Ukraine's counteroffensive has failed. Growing fatigue both at home and abroad, mounting losses across the front, and tightened pressure by the Russian army is beginning to take its toll on public morale. Recent polls suggest a drop in public approval for continued war from 70% last year to 60% this year. The number of Ukrainians seeking a negotiated settlement to the conflict has risen to 31% this year from last year's 26%.

 

In hindsight, Ukraine has improved its internal production capabilities, utilising commercial drones for military purposes. However, the demand for artillery shells far outweighs any breakthrough Ukraine has had with its domestic drone capability. Nevertheless, even that is being eclipsed by Russian electronic warfare and larger industrial output.

 

Economic sanctions have only partially affected Russia's will to fight. Apart from stirring public discontent within Russian society and weakening Moscow's industrial output, sanctions have not prevented Russia’s assault across the frontline.

 

Fundamental to the military disparity which favours Putin, is a lack of Western support. According to Kiel's research, there has been a sharp decrease in Western support since July of 2023, with commitments not even reaching the 5-billion-dollar threshold as of December. 

 

The media also plays a role, shaping Western military aid. Media organisations influencing sentiment in politics by constructing public opinion, ultimately effecting the types and number of weapons provided to Ukraine. As the conflict fades from mainstream attention, critical developments risk being overlooked. Public awareness remains vital for sustaining Western support, with media portrayal influencing the flow of Western-supplied weaponry into Ukraine's stockpiles.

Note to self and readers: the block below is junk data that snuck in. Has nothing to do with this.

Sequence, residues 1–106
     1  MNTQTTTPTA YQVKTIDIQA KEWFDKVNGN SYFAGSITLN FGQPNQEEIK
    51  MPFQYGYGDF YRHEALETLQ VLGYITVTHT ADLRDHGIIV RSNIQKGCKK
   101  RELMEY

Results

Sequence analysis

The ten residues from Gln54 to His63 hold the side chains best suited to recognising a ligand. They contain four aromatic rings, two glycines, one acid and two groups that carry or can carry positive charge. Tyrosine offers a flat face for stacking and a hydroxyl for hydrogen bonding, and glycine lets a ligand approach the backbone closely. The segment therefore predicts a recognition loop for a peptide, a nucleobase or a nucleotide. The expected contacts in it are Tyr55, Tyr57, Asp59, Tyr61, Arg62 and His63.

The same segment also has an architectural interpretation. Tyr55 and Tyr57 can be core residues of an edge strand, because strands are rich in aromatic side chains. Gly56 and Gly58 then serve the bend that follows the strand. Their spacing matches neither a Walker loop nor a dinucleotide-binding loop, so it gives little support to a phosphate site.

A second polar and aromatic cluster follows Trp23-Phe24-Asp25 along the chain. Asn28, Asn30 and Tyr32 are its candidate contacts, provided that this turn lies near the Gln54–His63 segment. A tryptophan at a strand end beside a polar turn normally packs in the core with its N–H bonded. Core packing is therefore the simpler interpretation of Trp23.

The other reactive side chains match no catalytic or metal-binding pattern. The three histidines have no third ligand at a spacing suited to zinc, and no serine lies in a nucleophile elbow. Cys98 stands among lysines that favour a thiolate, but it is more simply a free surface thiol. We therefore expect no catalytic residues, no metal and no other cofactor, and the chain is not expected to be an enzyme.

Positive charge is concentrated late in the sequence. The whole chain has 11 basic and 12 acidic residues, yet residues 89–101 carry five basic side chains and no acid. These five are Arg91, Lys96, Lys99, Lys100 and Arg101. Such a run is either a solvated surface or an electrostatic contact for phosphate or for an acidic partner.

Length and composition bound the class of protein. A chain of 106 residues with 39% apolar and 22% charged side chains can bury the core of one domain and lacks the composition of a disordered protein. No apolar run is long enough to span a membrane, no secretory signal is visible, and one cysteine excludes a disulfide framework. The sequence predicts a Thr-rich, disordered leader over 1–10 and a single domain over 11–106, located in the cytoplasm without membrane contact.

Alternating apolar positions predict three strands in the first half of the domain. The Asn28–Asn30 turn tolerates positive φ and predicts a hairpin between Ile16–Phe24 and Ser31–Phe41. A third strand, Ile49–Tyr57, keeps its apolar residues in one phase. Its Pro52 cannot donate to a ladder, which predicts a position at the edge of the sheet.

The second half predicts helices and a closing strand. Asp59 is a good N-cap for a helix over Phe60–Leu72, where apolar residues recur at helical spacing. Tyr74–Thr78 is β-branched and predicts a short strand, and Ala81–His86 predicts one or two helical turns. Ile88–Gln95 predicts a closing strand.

Before October 7th, the media echoed the talking points of pro-Western officials, criticising Putin's invasion and condemning so-called sympathisers. Accusations against Iran regarding the armament of the Russian army helped stoke anger in the West. Media coverage during Moscow's winter campaign featured Shahed drones flying over residential areas, contributing to the Western supply of air defence systems. The polity responded to the people and vice versa. Perhaps it was cynical in the same way that the lack of aid is now; attention diverges and so does policy.

 

Delayed aid deliveries, political deadlocks, and the current conflict in Palestine have led to problems on the Ukrainian battlefield. Of the 1 million artillery shells pledged by the EU, only 250 thousand have been delivered. Even North Korea reportedly reached the threshold of 1 million artillery shells before the EU did and in a much shorter time frame. Ukraine is struggling and its survival is contingent upon the willingness of Western powers to supply Kyiv with the necessary weapons to fight.

 

As the conflict continues, the balance of power tips in the Kremlin's favour. Western support and the media’s influence in incentivising that support emerge as decisive factors in this multifaceted conflict. The international community must focus on the region, as choices made in the coming months will shape the conflict's trajectory and have enormous implications for global stability.